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Tour de France

Marché’s French Regional Dinners thrive after 16 years
Illustration by Alex Notman.
Illustration by Alex Notman.

Sitting in a booth at Marché, my fiancé and I admire the etchings above our table. Each one features a different food-smith, a sort of lineup of French food superheros: There’s the Beurière, or buttermaid, outfitted with a dress made of pails, measuring slabs of butter on a scale; the Poissonnière (a fishmaid) wearing a crab headpiece and a gown covered in fish; and of course the Vinaigrié (a vinegar maker) carrying barrels of vinegar while sporting mustard-box pantaloons. These 17th-century prints are as au courant as ever — not much surpasses the pursuit of la vie gastronomique in France.

We’ve come to Marché this evening for the French Regional Dinner series, which features a different region of France on the last Wednesday of every month, a tradition founding chef and owner Stephanie Pearl Kimmel started in the ’80s at the Excelsior Café before bringing it to Marché in 1998. 

“They’re educational and fun for our guests (and staff), providing a taste tour of another culture,” Kimmel writes via email from her Nyons “fixer-upper flat” in the southeast corner of France.

Kimmel’s love of France is infused into all her endeavors — Marché, Le Bar, Provisions, Route 5. The love affair began when Kimmel was 17 and first visited Paris; she soon returned to study at the Sorbonne. 

“I developed a huge admiration for the French approach to food — it’s such a part of life,” she says. “The insistence on the best products and knowing their origin, the respect for seasons, its traditional meals and the emphasis on gorgeous representation.”

A respect for the seasons was at the heart of planning menus, matching regional specialties of France with what’s in season in Oregon. That evening, May 28, we gorged ourselves on the flavors of the Rhône Valley, beginning with an amuse-bouche of brochette de foie de canard — a duck liver brochette with bacon and sage — a bite of creamy, salty goodness, balanced by a glass of dry Côtes-du-Rhône blanc.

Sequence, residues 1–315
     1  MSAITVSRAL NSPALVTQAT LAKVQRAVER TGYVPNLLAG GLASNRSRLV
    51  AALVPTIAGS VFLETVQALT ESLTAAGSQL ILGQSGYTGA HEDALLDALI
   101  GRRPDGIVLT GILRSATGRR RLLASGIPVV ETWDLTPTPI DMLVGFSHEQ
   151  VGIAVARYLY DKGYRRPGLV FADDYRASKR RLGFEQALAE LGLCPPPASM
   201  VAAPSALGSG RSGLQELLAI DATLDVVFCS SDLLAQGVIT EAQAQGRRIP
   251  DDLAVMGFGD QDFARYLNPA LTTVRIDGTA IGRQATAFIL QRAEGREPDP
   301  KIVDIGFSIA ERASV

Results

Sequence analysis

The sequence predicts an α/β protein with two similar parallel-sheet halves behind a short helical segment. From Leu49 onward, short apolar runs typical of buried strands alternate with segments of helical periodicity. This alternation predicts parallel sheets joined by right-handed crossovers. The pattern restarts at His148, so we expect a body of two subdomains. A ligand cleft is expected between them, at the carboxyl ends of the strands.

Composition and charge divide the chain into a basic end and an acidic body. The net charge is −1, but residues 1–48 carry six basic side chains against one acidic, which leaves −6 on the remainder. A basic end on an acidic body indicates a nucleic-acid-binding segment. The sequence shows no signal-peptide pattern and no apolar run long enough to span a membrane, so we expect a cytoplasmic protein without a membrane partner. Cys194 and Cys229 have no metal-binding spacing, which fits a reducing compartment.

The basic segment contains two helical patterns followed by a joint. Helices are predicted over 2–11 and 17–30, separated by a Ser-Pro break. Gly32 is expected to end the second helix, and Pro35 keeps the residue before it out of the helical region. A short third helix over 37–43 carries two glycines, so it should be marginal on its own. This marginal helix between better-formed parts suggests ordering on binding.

The following four courses, all with recommended wine pairings, included a beet tartare with chopped egg, a choice of pan-roasted sole or roasted leg of lamb, a Reblochon cheese plate and finally the crème renversee au coulis de fraise — a vanilla custard drizzled with strawberry sauce — one of the best desserts I’ve tasted in Eugene.

“The most wonderful and amazing thing is how in sync our Culinary Tour de France is with the ingredients that are at their peak in our own region,” Kimmel says. “For example, we feature Provence in August when our tomatoes, eggplants and peppers are at their glorious best, but we do Normandy and Brittany with their shellfish and apples and cider in January when our oysters, mussels and crab are sweet and plentiful.”

The next French dinner, on June 28, will feature the bounty of Languedoc-Roussillon, a southern region of France that borders Spain; think Basque country. The menu includes salty cod, grilled zucchini with Roquefort cheese and a fish and shellfish stew over saffron rice. 

Kimmel says the menus are extremely loyal to each region, and from my own experience, I find that to be true. Ten years ago I spent a month up the hillside from Ventajou, a tiny town in Languedoc-Roussillon. I was there on a volunteer program to rebuild a medieval chapel and, after long days of slinging mortar, the townspeople delivered meals of fresh shellfish and veggies, served with saffron rice — a sort of French paella. You could taste the ocean. Ventajou is the same distance that Eugene is from the ocean. Can you already taste that salty, salty sea?

Keep up with Marche’s Regional French Dinner series at marcherestaurant.com/events.